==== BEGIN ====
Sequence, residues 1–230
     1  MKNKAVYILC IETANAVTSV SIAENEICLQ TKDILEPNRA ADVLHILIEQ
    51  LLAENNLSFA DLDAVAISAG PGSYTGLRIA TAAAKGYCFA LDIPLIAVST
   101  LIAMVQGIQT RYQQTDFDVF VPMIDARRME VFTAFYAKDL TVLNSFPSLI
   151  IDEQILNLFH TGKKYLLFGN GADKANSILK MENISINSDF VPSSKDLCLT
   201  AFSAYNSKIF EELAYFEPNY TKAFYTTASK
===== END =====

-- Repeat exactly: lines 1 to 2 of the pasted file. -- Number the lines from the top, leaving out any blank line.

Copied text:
Sequence, residues 1–230
     1  MKNKAVYILC IETANAVTSV SIAENEICLQ TKDILEPNRA ADVLHILIEQ